The convolutional model – book

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Problem 9.6a

The earth acts as a filter to seismic energy to change the waveshape so that what we record is a distorted version of the waveshape we send into the earth. Assume that the signal generated by a seismic source is so short that it can be represented adequately by an impulse; what aspects of passage through the earth will distort the impulse and what will be the effects?


The signal from a seismic source will be distorted: (a) by the region near the source where the stresses are so high as to produce nonlinear effects , (b) by the near-surface region where absorption is especially large , (c) by absorption in passage through the main body of the earth , and (d) perhaps by other factors. The first of these will change an impulsive signal to a waveform , which we can think of as a series of impulses with amplitudes that give the shape . Passage through the near surface will replace each of these impulses by multiplied by the scaled value , that is, . Absorption will change this series to (where the absorption is frequency dependent). Reflection from interfaces in the earth can also be thought of as additional convolutions changing the waveform to , etc. Thus the effect on the waveform can be thought of as a sequence of convolutions. In ordinary reflection seismic work the objective is to determine the reflectivity so we combine all the other waveshape-changing factors into an equivalent wavelet, generally called the embedded wavelet :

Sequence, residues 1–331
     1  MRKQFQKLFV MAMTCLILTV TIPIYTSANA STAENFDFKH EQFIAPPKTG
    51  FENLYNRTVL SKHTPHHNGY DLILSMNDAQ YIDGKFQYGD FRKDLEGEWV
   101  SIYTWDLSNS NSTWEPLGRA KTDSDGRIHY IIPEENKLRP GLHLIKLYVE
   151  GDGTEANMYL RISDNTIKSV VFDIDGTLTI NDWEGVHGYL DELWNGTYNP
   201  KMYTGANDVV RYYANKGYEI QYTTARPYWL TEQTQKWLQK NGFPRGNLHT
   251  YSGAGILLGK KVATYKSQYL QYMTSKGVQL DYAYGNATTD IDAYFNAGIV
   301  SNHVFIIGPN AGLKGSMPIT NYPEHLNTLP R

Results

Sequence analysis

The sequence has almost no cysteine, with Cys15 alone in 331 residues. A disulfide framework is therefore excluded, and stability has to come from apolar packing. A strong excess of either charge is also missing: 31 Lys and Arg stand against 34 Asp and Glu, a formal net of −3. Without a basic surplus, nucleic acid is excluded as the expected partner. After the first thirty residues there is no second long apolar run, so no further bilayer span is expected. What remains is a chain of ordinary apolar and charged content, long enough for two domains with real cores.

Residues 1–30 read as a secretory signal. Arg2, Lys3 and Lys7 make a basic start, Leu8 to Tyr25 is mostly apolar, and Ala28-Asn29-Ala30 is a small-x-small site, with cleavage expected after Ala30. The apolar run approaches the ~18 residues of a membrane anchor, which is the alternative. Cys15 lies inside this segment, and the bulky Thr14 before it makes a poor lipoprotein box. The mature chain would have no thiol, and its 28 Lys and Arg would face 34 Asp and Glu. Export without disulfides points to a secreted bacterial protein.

where . This concept is called the convolutional model.

Problem 9.6b

What is the effect if the source is not impulsive?


A nonimpulsive source , such as the vibroseis, has the effect of replacing with , but otherwise the reasoning in part (a) is unchanged.

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